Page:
A ban on smoking in workplaces across Alaska is now the law of the land, after being signed by Gov. Bill Walker.

Walker put his pen to Senate Bill 63 Tuesday morning, calling it "a wonderful bill, just a tremendous bill" at the Lucky Wishbone restaurant in downtown Anchorage.

The bill, sponsored by state Sen. Peter Micciche (R-Soldotna), protects Alaskans by ensuring smoke-free workplaces and public places across the state. The Lucky Wishbone was the first business in Anchorage to go smoke-free more than 25 years ago, on April 19, 1990.

"This is always a place in my heart," Walker said. "I wanted to do this and I wanted to have George Brown sitting next to me, and I know he's right here with us."  

Harold George Brown, best known by his middle name, started the Lucky Wishbone diner in 1955. It's since become the oldest single-family-owned restaurant in Alaska. George died at the age of 96 at the beginning of the year.

"1990 was a real tough year for my family and the employees of the Lucky Wishbone," Brown's daughter, Pat Heller said. "Dad and Mom had lost so many friends to cancer and lung disease."

Brown's grandmother died from lung cancer after having never smoked in her life. She contracted it through secondhand smoke. 

"The final blow was when he lost his mother," Heller said. "So he decided he'd had enough and wasn't going to contribute to any more smoking related deaths. Mother was really worried and didn't want to lose business, her employees or customers."

When some customers heard of the Lucky Wishbone's smoking ban, they said they'd never come back. 

"My parents did it anyway; it was a very bold move, even more bold back in those days," Heller said. "At first business was affected but then it got better. Younger families started coming in and they felt secure and safe with their breathing by not taking in other people's smoke."

Betty MacTavish from Kodiak made the trip to Anchorage for the special signing. After continuous bouts of pneumonia, Betty went to the doctor. X-rays revealed that Betty had small black spots on her lungs.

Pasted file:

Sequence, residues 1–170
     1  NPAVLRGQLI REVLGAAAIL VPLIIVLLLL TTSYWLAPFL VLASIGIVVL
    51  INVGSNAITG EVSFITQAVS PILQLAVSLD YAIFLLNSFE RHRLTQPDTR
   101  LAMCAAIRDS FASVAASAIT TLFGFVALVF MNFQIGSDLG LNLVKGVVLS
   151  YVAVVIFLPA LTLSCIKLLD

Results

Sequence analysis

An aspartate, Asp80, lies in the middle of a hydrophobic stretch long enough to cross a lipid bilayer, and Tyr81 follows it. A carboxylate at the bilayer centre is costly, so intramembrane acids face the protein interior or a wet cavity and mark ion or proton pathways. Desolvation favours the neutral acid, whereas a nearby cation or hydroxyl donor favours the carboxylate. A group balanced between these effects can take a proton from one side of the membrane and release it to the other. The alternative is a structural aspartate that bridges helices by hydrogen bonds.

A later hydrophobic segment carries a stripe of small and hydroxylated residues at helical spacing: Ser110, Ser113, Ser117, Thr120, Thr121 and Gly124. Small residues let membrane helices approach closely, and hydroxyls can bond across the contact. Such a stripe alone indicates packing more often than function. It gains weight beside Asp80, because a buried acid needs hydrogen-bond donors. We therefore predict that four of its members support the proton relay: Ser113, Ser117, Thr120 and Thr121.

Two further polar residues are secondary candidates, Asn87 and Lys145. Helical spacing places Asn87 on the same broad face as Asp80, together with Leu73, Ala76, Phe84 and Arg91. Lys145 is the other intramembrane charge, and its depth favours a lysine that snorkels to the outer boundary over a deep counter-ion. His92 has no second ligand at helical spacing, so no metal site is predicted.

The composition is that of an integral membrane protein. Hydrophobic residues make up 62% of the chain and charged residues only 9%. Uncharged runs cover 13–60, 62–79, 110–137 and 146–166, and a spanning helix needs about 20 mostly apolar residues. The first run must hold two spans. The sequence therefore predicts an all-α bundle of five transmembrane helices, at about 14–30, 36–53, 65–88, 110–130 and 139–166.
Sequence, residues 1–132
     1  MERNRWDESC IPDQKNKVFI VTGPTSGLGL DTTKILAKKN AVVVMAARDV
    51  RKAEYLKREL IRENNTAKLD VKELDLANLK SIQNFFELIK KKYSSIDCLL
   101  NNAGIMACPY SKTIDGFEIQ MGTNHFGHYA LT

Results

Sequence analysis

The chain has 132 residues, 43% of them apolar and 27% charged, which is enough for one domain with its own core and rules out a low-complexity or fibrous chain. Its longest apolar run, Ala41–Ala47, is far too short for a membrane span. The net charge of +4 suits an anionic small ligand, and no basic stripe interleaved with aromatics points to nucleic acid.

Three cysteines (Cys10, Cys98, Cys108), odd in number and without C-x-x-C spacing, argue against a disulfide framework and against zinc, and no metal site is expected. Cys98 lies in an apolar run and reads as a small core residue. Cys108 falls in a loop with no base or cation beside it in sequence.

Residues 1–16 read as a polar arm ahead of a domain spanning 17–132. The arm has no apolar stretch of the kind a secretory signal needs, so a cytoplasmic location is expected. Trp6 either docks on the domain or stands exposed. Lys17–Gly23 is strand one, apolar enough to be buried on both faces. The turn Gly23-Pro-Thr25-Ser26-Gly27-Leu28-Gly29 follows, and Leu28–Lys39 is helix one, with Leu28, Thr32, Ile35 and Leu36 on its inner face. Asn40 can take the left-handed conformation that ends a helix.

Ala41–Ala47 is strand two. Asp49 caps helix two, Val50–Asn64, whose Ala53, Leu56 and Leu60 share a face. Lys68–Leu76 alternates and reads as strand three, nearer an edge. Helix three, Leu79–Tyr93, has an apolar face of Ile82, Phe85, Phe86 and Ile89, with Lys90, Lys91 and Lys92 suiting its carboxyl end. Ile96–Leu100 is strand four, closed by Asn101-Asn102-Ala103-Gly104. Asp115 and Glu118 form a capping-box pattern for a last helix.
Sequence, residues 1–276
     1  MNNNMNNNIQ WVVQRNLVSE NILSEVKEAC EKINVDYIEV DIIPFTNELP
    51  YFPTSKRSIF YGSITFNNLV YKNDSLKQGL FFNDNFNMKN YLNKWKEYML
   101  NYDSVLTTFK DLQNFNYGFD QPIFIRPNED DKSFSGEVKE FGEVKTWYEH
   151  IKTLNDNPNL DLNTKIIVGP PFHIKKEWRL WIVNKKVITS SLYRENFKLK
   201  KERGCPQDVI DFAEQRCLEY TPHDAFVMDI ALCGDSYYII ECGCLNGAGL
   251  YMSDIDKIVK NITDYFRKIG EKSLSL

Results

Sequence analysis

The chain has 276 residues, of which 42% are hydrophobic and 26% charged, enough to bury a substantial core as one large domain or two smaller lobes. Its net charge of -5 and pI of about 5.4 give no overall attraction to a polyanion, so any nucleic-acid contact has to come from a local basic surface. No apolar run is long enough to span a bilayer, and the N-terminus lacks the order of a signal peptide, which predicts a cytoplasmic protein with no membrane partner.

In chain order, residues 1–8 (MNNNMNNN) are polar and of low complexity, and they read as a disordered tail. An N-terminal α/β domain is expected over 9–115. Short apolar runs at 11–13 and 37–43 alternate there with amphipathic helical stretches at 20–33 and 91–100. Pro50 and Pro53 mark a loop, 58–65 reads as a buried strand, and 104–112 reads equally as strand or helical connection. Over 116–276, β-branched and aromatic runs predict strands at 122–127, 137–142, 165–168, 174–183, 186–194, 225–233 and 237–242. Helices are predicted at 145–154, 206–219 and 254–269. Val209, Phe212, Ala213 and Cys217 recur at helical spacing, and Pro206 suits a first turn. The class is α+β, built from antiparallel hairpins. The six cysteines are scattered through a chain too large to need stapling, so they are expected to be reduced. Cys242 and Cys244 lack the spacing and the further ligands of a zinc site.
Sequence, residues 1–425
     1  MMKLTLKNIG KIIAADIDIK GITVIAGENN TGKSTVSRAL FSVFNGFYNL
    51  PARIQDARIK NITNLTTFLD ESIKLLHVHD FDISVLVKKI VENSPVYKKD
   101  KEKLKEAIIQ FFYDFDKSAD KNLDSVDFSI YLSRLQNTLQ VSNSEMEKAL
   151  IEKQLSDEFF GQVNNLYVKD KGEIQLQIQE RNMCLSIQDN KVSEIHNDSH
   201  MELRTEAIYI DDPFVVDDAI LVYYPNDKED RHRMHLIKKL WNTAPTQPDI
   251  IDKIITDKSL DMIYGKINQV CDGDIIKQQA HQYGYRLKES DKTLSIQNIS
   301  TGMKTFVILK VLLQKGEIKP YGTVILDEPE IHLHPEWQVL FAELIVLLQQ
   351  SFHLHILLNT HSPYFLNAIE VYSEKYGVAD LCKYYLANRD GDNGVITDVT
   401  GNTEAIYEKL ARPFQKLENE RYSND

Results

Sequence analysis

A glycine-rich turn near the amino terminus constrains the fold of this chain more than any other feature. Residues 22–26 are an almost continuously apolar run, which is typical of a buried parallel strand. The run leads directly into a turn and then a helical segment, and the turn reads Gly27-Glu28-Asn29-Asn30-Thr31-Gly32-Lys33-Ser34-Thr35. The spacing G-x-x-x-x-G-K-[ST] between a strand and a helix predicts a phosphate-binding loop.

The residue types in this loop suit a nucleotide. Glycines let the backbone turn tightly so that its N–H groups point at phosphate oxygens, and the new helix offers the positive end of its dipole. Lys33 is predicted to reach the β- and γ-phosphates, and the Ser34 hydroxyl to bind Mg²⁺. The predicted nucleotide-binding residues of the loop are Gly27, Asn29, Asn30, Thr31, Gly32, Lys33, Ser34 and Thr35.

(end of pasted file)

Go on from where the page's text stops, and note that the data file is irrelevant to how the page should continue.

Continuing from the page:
"I never smoked but my husband Larry did," MacTavish said. "I was told I had smoker's lung and got it from secondhand smoke."

One year after Betty was diagnosed, her husband Larry passed away from lung cancer.

"No one has to have lungs like mine," MacTavish said. "No one has to doe like my Larry did. We can do something about this and be a healthy Alaska."

Under the new bill, which will go into effect on Oct. 1, employees across Alaska can expect to work without suffering from secondhand smoke.

"We call this the 'Take It Outside Act,' because it really is just as simple as that," said Emily Nenon, with the American Cancer Society's Cancer Action Network. "This has been a long time coming -- deep breath, everybody take a deep breath."

Senate Bill 63, passed by the Legislature earlier this year, extends an existing ban on smoking in public workplaces and public areas to private employers. The measure follows local bans already enacted by communities covering more than half the state’s population.

"We're not putting a regulation on smoking, just asking people to take it outside the workplace," Micciche said. "Our children hopefully will have no knowledge of what it's like to suffer the debilitating effects of secondhand smoke in the workplace."

Like any bill there was some pushback. The bill includes provisions for local communities and tribes to opt out if they don't wish to be smoke-free.

"They can opt out with a positive vote from the people," Walker said. "Organized tribes can opt out in their region and villages. Again, it would require a public vote to do that. It's not the heavy hand of government coming and slamming down necessarily; it does give local options."

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